The southern black-backed gull is found throughout the southern hemisphere (South Africa, Australia, New Zealand and sub-Antarctic islands), and, particularly in New Zealand, is a widespread and super-abundant bird species.
They are considered hazardous to aircraft because of their large body size, and flocking behaviour. Airports located near water bodies, or with water bodies on site can see especially high gull activity. For some New Zealand airports, southern black-backed gulls are their most hazardous species.
Although it has a Taonga classification (i.e., it has been recognised by the Crown under the Ngāi Tahu Claims Settlement Act as an important species), the population of southern black-backed gulls in NZ has grown rapidly since European settlement, and it is therefore unprotected throughout New Zealand and lawful for anyone to hunt, kill, or have in their possession.
The black-backed gull is common in coastal areas and abundant at landfills, ports, wharves, and fish processing plants, where it feeds on waste from landfills, and offal from fishing boats and processing areas. It also eats a variety of invertebrates, fish, small mammals, smaller birds, eggs and chicks.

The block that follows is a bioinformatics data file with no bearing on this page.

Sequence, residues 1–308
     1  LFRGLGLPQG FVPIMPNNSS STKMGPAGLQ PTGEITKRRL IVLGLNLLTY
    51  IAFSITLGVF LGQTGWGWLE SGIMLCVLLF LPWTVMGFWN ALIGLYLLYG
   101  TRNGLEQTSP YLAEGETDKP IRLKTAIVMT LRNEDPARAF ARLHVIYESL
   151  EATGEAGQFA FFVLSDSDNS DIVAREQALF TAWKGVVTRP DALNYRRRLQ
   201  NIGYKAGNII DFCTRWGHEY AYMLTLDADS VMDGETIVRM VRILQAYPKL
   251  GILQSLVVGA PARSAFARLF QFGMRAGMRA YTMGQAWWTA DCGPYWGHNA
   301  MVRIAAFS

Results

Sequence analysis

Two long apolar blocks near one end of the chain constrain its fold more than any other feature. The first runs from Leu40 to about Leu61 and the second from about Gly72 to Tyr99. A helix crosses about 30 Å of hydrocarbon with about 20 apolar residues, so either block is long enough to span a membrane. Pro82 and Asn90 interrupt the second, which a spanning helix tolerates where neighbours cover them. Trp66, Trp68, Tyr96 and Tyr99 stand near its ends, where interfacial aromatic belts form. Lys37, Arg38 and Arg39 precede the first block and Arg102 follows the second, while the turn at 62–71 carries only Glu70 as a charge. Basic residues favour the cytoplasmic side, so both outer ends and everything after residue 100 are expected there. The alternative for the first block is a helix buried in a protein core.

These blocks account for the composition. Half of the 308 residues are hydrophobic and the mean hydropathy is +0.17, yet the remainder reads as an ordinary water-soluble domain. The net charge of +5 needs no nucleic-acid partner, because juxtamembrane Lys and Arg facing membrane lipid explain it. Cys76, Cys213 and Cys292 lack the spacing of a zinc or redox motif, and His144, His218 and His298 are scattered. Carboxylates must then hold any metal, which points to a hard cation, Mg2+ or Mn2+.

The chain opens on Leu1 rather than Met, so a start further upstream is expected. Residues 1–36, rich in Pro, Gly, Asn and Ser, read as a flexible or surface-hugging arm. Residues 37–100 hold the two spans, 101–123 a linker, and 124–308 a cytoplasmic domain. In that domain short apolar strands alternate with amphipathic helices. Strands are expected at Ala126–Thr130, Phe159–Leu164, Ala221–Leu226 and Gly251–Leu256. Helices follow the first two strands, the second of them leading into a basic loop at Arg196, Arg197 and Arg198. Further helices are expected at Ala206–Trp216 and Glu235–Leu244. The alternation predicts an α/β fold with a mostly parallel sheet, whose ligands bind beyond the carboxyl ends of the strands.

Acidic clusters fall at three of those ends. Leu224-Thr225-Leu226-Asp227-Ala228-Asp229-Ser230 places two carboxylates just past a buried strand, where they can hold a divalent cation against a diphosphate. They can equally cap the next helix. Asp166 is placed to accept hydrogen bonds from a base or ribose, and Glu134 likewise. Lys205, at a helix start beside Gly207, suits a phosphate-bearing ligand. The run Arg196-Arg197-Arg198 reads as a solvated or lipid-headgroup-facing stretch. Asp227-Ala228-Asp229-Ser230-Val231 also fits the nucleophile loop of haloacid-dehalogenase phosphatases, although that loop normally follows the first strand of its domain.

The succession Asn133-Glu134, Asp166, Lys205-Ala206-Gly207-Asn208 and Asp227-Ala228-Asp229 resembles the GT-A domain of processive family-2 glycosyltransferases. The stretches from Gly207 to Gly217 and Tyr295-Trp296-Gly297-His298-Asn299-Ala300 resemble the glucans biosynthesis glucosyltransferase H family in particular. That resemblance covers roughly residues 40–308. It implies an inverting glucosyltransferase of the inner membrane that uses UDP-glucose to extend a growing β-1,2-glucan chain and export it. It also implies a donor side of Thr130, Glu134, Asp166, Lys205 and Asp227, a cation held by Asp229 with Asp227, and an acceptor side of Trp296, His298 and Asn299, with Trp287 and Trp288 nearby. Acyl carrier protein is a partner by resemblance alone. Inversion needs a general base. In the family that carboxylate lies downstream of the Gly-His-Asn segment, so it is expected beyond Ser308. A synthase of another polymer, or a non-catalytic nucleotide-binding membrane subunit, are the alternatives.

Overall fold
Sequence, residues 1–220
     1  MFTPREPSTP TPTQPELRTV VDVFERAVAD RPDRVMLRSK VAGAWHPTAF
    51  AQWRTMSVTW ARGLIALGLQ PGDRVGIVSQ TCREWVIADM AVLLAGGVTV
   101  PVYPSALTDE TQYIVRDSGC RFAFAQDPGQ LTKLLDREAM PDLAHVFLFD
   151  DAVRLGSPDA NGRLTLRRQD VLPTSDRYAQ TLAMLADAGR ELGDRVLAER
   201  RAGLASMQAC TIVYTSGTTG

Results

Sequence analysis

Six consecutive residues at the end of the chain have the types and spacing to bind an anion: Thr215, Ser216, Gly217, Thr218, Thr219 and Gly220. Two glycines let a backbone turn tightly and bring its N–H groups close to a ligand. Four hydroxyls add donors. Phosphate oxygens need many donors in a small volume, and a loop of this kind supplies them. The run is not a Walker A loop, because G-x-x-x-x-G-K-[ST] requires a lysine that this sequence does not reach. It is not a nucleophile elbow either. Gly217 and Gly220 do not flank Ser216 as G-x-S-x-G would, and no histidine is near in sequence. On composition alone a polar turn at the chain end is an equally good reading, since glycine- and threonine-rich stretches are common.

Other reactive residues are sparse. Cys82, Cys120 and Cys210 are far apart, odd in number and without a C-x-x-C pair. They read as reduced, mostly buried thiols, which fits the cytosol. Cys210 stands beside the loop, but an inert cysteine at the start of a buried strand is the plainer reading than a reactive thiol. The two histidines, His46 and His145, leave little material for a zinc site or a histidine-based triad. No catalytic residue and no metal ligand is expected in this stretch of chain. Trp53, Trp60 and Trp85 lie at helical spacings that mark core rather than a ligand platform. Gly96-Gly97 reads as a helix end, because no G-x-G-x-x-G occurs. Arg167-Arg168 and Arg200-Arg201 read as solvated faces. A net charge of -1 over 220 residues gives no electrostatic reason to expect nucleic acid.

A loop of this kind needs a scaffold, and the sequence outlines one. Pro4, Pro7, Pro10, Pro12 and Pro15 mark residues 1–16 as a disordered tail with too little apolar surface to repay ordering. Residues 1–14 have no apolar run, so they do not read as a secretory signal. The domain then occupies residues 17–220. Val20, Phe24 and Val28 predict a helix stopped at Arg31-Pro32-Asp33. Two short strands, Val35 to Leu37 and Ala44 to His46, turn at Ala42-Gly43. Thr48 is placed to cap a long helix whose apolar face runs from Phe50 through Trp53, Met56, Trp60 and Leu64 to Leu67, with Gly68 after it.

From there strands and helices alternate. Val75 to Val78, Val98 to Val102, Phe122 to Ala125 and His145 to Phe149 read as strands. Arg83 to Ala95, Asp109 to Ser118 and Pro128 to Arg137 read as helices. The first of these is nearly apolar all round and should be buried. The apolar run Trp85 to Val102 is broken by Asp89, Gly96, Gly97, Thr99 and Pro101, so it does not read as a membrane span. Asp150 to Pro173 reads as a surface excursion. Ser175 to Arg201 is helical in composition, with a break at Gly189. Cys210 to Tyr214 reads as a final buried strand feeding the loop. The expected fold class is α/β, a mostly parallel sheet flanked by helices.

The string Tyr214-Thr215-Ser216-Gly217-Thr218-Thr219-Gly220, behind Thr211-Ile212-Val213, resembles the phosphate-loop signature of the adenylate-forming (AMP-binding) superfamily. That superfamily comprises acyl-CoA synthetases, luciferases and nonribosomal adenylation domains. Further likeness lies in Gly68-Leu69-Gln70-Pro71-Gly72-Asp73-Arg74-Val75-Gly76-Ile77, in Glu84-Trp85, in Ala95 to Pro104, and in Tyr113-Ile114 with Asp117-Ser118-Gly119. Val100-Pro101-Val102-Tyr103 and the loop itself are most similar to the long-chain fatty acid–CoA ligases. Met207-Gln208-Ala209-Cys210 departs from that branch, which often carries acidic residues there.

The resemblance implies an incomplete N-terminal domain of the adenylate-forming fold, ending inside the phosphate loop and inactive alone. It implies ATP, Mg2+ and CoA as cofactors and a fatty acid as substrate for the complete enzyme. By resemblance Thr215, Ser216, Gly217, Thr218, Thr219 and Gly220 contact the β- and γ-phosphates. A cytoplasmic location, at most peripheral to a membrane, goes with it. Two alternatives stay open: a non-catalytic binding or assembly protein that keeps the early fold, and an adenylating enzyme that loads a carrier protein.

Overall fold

Landfills where gulls have access to putrescible waste are key population drivers, and managing this food source is critical for maintaining populations to acceptable, and sustainable, levels.
They breed from October–February, solitarily or in colonies found on islands, steep headlands, sand or shingle spits, or on islands in shingle riverbeds. Parents share incubation of the 2–3 eggs and feeding of the chicks when they hatch. Juveniles, which take about three to four years to reach maturity, can be distinguished by their grey-brown plumage.